How to build a sea anchor
kayak image by Greg Pickens from Fotolia.com
If you're out on the water regularly on any type of craft, a sea anchor is an important piece of equipment to have with you. The sea anchor has many uses, but primarily it exists to help stabilise a craft in choppy weather.
Sea anchors don't sit on the ocean floor, but instead are meant to anchor the boat to a spot in the water, or to slow down its movements considerably. Sea anchors are also known as drogues.
- If you're out on the water regularly on any type of craft, a sea anchor is an important piece of equipment to have with you.
- The sea anchor has many uses, but primarily it exists to help stabilise a craft in choppy weather.
Cut a rope of the proper length for deploying a sea anchor. There are various guidelines that exist for how much rope you want, and an experienced user of your particular model may give you advice on shorter or longer ropes based on how your craft handles in rough water. Barring that, choose a rope that is equals 10 feet of length for every foot in length of your boat.
Make the anchor itself out of a piece of canvas cloth, or buy a premade parachute anchor. The sea anchor itself is a piece of heavy canvas or cloth that acts like a parachute dragged behind the boat to slow its movement. If you want to make your own very simple sea anchor, you can cut a triangle out of canvas. Make it an equilateral triangle that measures 3m per side. Otherwise, you can purchase a more sophisticated parachute anchor.
Weight the bottom of the sea anchor if you are not using a premade anchor. A premade anchor parachute might have weights already in it to make sure that one side of the anchor stays down. You can fold over the cloth and sew a tube into it and run a steel rod through it to weight your own. Then attach sinkers to each end of the rod. This should keep your anchor in the correct orientation. Bend the rod at the end to keep it from falling out of the loop and to create anchor points for ropes.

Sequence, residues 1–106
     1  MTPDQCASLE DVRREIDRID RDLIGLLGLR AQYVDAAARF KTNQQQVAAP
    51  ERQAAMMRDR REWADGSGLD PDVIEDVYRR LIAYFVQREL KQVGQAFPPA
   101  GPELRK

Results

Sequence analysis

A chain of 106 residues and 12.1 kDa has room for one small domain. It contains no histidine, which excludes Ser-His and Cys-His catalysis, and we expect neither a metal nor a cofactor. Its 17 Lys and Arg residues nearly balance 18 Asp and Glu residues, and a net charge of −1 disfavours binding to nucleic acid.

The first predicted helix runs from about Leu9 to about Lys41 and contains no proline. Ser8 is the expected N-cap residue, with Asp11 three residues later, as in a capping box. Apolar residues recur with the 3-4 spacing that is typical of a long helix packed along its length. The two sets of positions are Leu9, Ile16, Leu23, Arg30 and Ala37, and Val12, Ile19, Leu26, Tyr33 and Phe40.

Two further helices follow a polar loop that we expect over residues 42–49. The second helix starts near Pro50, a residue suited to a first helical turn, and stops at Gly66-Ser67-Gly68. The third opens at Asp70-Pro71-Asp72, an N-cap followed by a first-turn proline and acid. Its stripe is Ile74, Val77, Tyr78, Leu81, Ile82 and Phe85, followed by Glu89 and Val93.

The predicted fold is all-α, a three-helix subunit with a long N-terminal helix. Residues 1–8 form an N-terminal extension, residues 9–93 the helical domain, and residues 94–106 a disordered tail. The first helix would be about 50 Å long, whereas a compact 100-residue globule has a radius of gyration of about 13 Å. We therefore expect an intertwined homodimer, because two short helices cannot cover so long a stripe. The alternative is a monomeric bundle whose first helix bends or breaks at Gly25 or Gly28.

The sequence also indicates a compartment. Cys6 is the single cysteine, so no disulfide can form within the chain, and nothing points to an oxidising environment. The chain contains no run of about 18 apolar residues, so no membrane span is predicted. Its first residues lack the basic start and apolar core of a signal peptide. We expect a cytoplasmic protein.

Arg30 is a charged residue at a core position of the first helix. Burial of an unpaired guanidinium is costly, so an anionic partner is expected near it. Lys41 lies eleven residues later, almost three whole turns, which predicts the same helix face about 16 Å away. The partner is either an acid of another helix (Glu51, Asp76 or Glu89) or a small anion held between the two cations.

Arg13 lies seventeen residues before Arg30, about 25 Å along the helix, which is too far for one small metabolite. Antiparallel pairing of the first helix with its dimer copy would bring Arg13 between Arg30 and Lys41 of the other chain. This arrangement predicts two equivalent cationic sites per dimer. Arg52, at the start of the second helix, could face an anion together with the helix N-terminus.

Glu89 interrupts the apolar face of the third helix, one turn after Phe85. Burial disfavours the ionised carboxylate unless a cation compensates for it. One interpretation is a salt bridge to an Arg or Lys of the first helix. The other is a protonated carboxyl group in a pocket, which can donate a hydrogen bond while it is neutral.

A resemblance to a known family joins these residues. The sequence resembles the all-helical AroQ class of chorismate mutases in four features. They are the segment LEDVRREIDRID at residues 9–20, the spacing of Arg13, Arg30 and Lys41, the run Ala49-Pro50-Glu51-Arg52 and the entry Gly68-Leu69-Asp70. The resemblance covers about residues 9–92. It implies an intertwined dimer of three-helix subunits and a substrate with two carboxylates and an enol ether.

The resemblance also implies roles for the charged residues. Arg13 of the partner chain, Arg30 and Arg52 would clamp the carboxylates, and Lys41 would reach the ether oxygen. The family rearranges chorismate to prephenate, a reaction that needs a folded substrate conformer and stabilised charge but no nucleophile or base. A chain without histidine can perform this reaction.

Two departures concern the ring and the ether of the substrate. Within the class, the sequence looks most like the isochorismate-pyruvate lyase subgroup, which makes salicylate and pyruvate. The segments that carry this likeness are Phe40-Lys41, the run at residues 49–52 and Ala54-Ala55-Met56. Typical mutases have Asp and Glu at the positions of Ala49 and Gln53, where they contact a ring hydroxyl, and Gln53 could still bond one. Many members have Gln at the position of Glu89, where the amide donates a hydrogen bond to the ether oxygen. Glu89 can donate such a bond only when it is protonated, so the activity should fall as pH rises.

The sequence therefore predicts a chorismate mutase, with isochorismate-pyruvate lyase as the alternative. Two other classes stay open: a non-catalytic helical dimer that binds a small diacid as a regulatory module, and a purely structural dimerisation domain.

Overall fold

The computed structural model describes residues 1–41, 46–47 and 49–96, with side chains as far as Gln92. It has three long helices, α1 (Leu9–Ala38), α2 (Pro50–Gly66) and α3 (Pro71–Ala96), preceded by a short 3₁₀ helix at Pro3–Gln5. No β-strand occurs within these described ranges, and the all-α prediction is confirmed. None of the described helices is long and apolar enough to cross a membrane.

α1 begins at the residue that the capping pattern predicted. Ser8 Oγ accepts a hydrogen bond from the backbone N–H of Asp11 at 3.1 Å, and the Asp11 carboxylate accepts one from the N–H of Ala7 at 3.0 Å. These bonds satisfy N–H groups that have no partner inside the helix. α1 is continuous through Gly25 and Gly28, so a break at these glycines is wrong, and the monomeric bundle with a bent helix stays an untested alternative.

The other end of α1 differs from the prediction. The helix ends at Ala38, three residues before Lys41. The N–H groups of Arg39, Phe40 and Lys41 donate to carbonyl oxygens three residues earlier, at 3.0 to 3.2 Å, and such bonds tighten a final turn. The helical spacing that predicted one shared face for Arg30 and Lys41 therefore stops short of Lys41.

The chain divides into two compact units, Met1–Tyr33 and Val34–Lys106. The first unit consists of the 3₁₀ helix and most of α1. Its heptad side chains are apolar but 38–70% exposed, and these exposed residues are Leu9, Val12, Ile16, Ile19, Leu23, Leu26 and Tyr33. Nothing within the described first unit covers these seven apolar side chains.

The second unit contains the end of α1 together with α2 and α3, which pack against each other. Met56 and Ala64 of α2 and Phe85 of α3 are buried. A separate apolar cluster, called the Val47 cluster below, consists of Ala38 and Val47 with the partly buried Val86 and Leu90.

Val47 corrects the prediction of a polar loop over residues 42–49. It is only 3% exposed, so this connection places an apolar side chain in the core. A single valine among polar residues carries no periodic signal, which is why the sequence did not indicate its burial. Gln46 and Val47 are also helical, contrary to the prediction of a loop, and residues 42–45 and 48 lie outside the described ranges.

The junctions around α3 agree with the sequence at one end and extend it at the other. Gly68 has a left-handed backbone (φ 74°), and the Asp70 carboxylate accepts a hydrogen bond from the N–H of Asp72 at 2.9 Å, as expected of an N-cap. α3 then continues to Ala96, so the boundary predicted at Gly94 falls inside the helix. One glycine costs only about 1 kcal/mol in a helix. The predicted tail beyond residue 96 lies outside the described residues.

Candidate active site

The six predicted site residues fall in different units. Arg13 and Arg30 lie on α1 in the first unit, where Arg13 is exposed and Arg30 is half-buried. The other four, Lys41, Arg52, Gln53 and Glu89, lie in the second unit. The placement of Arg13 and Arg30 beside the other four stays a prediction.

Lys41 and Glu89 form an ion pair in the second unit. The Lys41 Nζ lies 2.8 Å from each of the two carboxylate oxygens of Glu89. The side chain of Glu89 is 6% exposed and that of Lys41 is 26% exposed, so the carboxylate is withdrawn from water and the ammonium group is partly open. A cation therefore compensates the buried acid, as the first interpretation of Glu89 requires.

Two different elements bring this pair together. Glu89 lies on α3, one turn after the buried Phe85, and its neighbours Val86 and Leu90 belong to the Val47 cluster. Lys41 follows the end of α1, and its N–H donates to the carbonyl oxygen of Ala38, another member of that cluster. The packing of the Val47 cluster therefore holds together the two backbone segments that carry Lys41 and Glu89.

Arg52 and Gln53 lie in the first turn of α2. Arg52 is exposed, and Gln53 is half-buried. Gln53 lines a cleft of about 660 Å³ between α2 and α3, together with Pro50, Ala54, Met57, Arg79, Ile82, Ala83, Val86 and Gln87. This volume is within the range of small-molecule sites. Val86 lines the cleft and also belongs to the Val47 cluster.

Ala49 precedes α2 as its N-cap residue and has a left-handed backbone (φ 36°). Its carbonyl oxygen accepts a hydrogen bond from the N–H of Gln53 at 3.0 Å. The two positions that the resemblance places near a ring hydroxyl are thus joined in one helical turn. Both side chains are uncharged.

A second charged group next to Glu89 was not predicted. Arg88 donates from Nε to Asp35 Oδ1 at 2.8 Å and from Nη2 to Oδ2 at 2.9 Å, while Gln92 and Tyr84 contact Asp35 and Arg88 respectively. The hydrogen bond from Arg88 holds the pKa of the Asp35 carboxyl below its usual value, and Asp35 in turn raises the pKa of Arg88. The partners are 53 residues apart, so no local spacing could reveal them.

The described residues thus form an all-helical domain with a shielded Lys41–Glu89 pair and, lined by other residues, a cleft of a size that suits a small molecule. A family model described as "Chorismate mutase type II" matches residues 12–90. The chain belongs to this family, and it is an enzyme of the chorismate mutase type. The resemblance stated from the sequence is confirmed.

- Make the anchor itself out of a piece of canvas cloth, or buy a premade parachute anchor.
- Weight the bottom of the sea anchor if you are not using a premade anchor.
Attach a bridle to the anchor itself. You can purchase a bridle that is already made to attach to your anchor. Otherwise you can attach ropes to work like bridles to the loops on your rod. Fold over the fabric again and create loops on the other two sides to thread rope through and create a loop at the top of the anchor. On the bottom two corners, attach bridle ropes to the loops in your metal rod and then attach the third bridle rope to the loop at the top of the anchor. Attach all the bridle ropes to a swivel. If you are using prebought elements to build a sea anchor, you will find that your parachute and bridle have many more than three attachment points. The swivel connects to your primary anchor rope.
- Attach a bridle to the anchor itself.
- Otherwise you can attach ropes to work like bridles to the loops on your rod.
Tie a retrieval line on to the top of the anchor. Attach it to the same top loop that you used to attach the bridle to or to the proper spot for the retrieval line that you will find on a purchased anchor. Attach a float to the top of the line so that you can retrieve the sea anchor.
Run a line from the float and the float rope back to your boat so you can collapse and pull the sail in when you are finished using the anchor.
- You can use as many homemade or prepurchased elements as you want, or use a combination of them to build a sea anchor. When making your own components, make sure that all connection points on the device are strong before you use the anchor. Your safety can depend on it.
Hans Fredrick has been busy in the online writing world since 2005. He has written on diverse topics ranging from career advice for actors to tips for motorcycle maintenance. He holds a Bachelor of Fine Arts from the University of Saskatchewan.